Ethiopian Prime Minister Resigns

Ethiopia prime minister in surprise resignation amid growing protests

Ethiopia's Desalegn Resigns as Prime Minister

Ethiopian Prime Minister Hailemariam Desalegn resigned on Thursday amid widespread protests, state media reported.

"I see my resignation as vital in the bid to carry out reforms that would lead to sustainable peace and democracy", the 53-year-old leader.

Representing less than seven percent of the population, Tigrayan domination has been shaken by three years of crippling protests by the Oromo and Amhara ethnic groups, who account for 60 percent of Ethiopia's 105 million people.

The unrest spread as demonstrations against political restrictions and human rights abuses broke out.

Most of the unrest has centred on Ethiopia's two largest regions, Oromia and Amhara.

The resignation of Hailemariam Desalegn, who has been in power since 2012, was reported by the state-affiliated broadcaster Fana on Thursday and follows a nationwide state of emergency past year.

"Unrest and a political crisis have led to the loss of lives and displacement of many".

I see my resignation as vital in the bid to carry out reforms that would lead to sustainable peace and democracy.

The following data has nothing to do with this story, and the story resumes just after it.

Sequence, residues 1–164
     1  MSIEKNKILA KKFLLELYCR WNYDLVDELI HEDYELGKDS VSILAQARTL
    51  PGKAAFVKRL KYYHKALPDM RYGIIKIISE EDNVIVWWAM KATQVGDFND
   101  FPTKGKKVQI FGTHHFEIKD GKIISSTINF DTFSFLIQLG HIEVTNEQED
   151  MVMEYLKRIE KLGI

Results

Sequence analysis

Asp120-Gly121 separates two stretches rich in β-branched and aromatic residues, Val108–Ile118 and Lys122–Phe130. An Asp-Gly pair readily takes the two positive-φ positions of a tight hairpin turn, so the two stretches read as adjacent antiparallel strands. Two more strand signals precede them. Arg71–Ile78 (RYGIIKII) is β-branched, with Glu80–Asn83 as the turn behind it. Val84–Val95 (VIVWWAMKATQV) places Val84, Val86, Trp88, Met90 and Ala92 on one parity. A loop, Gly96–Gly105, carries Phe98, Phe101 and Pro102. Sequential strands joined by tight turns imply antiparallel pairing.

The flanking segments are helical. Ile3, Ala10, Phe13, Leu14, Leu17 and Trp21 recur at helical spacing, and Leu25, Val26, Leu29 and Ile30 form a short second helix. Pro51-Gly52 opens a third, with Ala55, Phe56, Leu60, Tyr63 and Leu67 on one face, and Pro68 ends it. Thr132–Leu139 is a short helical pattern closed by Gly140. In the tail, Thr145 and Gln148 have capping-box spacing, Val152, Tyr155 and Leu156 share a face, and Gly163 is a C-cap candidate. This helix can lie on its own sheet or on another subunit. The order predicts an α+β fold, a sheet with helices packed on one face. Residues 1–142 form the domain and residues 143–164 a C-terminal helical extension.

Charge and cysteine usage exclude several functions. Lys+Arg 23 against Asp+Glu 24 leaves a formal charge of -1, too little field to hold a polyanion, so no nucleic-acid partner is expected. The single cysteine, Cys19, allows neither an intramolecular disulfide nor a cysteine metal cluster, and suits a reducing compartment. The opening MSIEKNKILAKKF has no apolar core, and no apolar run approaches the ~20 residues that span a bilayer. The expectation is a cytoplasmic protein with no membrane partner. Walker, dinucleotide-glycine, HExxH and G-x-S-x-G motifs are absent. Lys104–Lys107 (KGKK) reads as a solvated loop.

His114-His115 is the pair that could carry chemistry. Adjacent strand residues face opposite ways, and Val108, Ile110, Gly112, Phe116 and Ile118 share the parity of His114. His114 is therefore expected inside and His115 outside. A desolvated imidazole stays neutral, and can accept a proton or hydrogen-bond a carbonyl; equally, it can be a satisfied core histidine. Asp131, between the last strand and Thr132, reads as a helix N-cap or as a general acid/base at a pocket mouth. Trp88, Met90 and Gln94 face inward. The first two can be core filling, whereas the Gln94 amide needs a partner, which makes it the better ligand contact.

He said both the EPRDF and his party, the Southern Ethiopian People's Democratic Movement, have accepted his resignation, and he hoped parliament would accept it.

Some of Ethiopia's powerful elites have come to see the prime minister as weak and lacking in direction, she says. He said he had submitted his resignation as prime minister and the chairman of the ruling coalition which has been accused of suppressing dissent through arrest and torture of opposition members and protesters.

"Other officials also need to follow this and transfer the power to the public", he said.

In January, Prime Minister Hailemariam Desalegn announced that his government would release detainees and so far 7,000 people saw either their charges dropped or were pardoned.

He has previously served as deputy prime minister and minister of foreign affairs.

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